Lectures on Number Theory

Front Cover
American Mathematical Soc. - Mathematics - 275 pages
This volume is a translation of Dirichlet's Vorlesungen uber Zahlentheorie which includes nine supplements by Dedekind and an introduction by John Stillwell, who translated the volume.
Lectures on Number Theory is the first of its kind on the subject matter. It covers most of the topics that are standard in a modern first course on number theory, but also includes Dirichlet's famous results on class numbers and primes in arithmetic progressions.
The book is suitable as a textbook, yet it also offers a fascinating historical perspective that links Gauss with modern number theory.
 

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Contents

Translators introduction
xi
On the divisibility of numbers
1
On the congruence of numbers
21
On quadratic residues
53
On quadratic forms
91
Determination of the class number of binary quadratic forms
149
Some theorems from Gausss theory of circle division
199
On the limiting value of an infinite series
211
A geometric theorem
215
Genera of quadratic forms
217
Power residues for composite moduli
229
Primes in arithmetic progressions
237
Some theorems from the theory of circle division
249
On the Pell equation
257
Convergence and continuity of some infinite series
261
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Page xiii - Legendre's statement of the theorem — which is to say that/? is a square mod q if and only if q is a square mod p...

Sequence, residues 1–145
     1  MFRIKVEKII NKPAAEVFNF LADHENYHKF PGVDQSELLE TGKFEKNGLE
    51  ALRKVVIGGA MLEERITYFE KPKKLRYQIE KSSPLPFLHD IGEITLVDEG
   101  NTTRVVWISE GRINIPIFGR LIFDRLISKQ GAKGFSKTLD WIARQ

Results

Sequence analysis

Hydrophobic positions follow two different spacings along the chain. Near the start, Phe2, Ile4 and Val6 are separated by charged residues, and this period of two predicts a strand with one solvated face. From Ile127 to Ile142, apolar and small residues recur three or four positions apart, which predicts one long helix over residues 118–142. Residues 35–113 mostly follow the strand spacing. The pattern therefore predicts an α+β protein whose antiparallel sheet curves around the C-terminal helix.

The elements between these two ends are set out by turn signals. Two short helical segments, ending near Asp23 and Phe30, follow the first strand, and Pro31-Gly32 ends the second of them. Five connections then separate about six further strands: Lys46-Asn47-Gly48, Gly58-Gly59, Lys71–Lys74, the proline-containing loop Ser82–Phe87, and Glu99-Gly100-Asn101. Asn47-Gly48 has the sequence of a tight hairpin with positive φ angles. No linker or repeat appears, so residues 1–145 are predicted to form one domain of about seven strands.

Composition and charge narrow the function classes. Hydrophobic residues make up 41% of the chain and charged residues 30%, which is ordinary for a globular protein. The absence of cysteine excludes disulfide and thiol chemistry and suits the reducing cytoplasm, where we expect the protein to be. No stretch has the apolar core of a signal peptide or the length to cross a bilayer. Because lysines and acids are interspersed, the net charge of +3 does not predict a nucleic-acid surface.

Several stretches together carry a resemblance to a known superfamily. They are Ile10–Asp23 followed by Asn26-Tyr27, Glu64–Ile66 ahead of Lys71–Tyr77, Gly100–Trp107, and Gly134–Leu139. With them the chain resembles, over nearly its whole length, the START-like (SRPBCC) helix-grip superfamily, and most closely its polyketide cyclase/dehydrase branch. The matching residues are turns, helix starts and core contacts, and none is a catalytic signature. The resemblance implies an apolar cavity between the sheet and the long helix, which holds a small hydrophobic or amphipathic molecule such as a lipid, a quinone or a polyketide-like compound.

Page 3 - The logarithms of negative factors in any group are found without regard to the negative signs, and the result is positive or negative according as the number of negative factors is even or odd.
Page xvi - It is greatly to be lamented that this virtue of the real numbers [that is, of the ordinary integers] to be decomposable into prime factors, always the same ones for a given number, does not also belong to the complex numbers...
Page xv - ... he was completing the section on composition of forms in the Disquisitiones Arithmeticae. but that he was never able to put it on a firm foundation; he says in particular, in a note to his article on the decomposition of polynomials into linear factors, that: 'If I wanted to proceed with the use of imaginaries in the way that earlier mathematicians have done, then one of my earlier researches which is very difficult could have been done in a very simple way.

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